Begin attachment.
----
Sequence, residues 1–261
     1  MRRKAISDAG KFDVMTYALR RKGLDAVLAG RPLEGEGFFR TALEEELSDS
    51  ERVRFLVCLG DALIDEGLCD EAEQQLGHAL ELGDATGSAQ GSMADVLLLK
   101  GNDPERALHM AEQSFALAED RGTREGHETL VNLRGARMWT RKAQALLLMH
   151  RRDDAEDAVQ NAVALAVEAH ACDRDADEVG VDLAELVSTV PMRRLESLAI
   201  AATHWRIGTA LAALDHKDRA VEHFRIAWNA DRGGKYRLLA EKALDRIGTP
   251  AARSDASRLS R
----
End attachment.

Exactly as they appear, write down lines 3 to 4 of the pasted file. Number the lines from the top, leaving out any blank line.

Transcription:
    51  ERVRFLVCLG DALIDEGLCD EAEQQLGHAL ELGDATGSAQ GSMADVLLLK
   101  GNDPERALHM AEQSFALAED RGTREGHETL VNLRGARMWT RKAQALLLMH